Saturday, May 5, 2012

Between Two Oceans, a Masterful Parody

After our two days in the bush country around Northam, Western Australia, we returned to Perth and, after picking up our second hostess, headed south to the area around Margaret River, and the southwestern-most point in Australia. On the way, we refused to eat lunch at one roadside tourist shop and cafe because they were selling ostrich eggs labelled as emu eggs. How to tell the difference? Emu eggs are smaller than ostrich eggs. They're also a dark blue-black as opposed to the beige-white of an ostrich one. Truth in advertising, we said, and drove on to the next such establishment. We arrived in Dunsborough in the late afternoon, a bit too late for actually getting inside the lighthouse there.
The scenery around the lightbouse was worth walking through, though.
After that, we had time to fit in a quick stop at a vineyard that seemed more than ready to accommodate the children of their adult customers. Or perhaps the staff just likes to colour (Australian spelling used intentionally).

The next morning, we headed further south, to Cape Leeuwin, the southwestern-most point, another lighthouse, and one of those cultural differences that made me smile. Cape Leeuwin is named for the Dutch ship that was the first to arrive here. It cost more than we wanted to pay to tour the lighthouse, plus we had other places to go and see, so this was as close as we got to it.
As for the cultural difference, they aren't called "lollipops" or "suckers" in Australia, so it appears that someone isn't too enamored of a certain US brand of candy.
The husband and I along with Charlie the stuffed koala all put our feet into the Southern Ocean.

We then started visiting vineyards, the first time I'd ever done a "real" wine tasting. (Yes, I've drunk my share of wine, but never in the presence of someone who could describe things to me and help me know what all those high-falutin' wine adjectives mean.) Besides learning a bit of wine lingo, I learned what's going on here.
There's a rose bush at the end of each row of grapes because any blight that would harm the grape vines will appear first on the roses. I was also quite tempted to engage in some grand theft auto when we encountered this beauty in the parking lot.
One of the vineyards was flying an amazingly large Australian flag.
The flag features the Union Jack along with the Southern Cross (which we saw, along with the Milky Way, during our stay in Northam). Another vineyard had several impressive sculptures outdoors and in.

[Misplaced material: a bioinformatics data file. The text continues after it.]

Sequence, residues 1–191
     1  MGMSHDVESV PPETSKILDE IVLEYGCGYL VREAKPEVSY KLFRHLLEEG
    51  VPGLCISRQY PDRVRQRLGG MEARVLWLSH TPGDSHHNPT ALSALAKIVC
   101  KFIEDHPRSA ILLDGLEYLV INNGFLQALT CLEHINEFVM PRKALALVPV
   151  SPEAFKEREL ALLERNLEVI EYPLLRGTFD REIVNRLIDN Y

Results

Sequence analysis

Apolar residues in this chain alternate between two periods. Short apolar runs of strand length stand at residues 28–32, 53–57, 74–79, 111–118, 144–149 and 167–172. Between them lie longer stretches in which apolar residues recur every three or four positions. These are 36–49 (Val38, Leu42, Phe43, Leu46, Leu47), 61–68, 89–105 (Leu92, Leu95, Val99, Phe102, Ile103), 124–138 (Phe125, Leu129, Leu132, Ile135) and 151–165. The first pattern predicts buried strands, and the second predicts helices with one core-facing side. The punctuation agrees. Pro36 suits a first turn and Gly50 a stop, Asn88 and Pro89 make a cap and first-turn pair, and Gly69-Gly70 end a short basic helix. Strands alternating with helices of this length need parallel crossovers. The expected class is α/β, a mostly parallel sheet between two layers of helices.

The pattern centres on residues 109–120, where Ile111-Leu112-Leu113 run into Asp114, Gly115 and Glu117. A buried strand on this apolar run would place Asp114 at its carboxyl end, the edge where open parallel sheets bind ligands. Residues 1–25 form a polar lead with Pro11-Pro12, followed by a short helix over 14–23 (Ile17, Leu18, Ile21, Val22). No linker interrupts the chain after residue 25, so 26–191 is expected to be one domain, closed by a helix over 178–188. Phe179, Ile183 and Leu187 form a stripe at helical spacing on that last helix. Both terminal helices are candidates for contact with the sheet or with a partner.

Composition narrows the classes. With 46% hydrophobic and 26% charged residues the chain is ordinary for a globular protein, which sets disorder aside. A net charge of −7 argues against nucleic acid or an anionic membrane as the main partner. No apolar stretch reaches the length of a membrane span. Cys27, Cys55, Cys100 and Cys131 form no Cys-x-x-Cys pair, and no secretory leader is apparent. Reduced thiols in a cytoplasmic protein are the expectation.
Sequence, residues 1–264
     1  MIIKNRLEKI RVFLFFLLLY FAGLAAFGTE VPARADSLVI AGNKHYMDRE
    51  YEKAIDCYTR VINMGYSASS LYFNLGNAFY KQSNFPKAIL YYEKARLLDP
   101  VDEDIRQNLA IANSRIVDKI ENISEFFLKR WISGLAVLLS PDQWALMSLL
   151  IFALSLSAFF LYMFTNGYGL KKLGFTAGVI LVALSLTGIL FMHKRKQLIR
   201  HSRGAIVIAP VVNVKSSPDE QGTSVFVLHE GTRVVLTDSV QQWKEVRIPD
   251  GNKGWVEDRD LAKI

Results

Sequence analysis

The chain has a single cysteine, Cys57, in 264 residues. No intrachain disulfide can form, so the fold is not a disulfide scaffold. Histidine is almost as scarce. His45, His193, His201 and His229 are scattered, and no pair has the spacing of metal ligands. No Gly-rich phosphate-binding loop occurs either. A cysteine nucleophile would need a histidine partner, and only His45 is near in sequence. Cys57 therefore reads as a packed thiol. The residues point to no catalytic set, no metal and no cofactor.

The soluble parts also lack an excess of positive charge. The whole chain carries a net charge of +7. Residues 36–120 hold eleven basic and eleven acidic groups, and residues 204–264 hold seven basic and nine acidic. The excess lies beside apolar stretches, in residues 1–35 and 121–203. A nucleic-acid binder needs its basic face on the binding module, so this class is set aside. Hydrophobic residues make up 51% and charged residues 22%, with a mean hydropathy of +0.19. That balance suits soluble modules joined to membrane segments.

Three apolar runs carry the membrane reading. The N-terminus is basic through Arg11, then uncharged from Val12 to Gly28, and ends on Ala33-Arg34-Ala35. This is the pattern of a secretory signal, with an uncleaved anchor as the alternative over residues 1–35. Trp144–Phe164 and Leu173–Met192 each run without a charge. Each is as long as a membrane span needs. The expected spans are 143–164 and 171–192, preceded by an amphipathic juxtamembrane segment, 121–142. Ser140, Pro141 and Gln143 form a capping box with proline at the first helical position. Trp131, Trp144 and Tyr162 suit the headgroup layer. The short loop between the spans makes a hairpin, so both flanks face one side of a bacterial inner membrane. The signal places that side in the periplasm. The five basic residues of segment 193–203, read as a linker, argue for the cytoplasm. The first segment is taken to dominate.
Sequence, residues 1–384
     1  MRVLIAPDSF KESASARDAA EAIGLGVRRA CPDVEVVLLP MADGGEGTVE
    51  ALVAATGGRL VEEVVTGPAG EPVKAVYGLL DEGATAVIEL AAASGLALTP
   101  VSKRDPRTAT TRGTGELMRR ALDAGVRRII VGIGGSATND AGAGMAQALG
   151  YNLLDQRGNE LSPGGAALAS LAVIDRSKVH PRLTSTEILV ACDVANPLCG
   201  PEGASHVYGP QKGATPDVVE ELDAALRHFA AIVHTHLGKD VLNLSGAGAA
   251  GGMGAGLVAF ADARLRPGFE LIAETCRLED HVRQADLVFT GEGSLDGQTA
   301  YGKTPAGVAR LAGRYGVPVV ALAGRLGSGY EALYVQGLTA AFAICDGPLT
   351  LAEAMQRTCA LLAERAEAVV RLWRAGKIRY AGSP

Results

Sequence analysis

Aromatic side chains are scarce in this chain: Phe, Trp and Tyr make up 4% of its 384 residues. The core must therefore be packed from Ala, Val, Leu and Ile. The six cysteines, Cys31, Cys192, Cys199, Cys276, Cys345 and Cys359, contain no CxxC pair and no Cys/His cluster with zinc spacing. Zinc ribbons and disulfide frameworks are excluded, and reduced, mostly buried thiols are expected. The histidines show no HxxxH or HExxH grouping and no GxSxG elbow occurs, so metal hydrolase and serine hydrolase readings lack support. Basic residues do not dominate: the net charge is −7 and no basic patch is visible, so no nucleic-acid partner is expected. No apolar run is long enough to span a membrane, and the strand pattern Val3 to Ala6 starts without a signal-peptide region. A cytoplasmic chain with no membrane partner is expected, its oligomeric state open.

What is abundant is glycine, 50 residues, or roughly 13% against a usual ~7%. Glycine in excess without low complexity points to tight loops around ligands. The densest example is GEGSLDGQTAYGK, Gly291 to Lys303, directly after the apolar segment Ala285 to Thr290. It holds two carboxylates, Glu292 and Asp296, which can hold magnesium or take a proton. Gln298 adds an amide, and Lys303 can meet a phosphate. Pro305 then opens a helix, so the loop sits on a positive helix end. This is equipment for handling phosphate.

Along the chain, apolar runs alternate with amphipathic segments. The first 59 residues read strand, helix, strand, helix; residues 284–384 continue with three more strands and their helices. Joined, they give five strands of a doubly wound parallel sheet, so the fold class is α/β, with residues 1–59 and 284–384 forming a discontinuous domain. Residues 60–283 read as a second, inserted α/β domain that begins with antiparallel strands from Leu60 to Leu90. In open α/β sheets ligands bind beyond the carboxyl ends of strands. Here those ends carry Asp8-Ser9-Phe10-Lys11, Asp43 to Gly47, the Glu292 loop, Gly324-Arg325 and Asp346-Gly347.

We also saw some Aussie wildlife in the wild, a kookaburra and some kangaroos.
That evening, we put our feet in the Indian Ocean under an amazing sunset.

Our adventures the next day began with watching some surfers
and the water in which they were while we waited for the the Swooping Magpie Vineyard to open for the day.
We had arrived there just after closing the day before and expressed out displeasure thusly.
Why was this vineyard so special? I met our Aussie hostesses in Perth (and Melbourne) in an online quilting group called ... yes, the Magpies, so a stop at the Swooping Magpie became something not to be missed. We particularly liked their slogan "drink slow ... pedal fast," and I have the t-shirt to prove it. After morning tea at the Swooping Magpie, we started our trip back to Perth. Along the way, we stopped at the Busselton jetty, which juts some 1800 meters (that's more than a mile) out into the ocean. There were even dolphins to wish us well on our walk.
Near the midpoint of the jetty was a series of plaques commemorating those whose ashes had been scattered from the jetty. Some of them seemed more poignant than others to me, including this one.
There were also plaques on the benches along the jetty.
There were a number of people fishing for points all along the jetty. The only fish I saw being pulled in, though, were so small that I wondered if they might be the bait still left on the hook. At the end of the jetty there is an underwater viewing gallery that we did not visit. Here's the view looking back from the far end.
And here's the view from the shore looking out to the end of the jetty.
After we came off the jetty, we ate lunch outside beside the water. The weather turned so cold that everyone else outside retreated indoors, but with Charlie the stuffed koala setting an example, we persevered and finished our meal before heading back to Perth.

The parody mentioned in the title of this post? Well, the Laurence Vineyard put up a sculpture that perhaps was intended to invoke the memory of Winged Victory.
Instead, it became known, in what we were told was true Aussie fashion, as the "chick on a stick." Just as many US cities have done with their decorated statues of lobsters or buffalo or other animals, this region of Australia has done the same with cow statues created by local artists. Needless to say, we stopped quite quickly when we passed this "cow on a stick" parody.
Humour! It's a good thing. Coming next will be a post on some of the amazing animals and birds we encountered, some more up close and personal than others.

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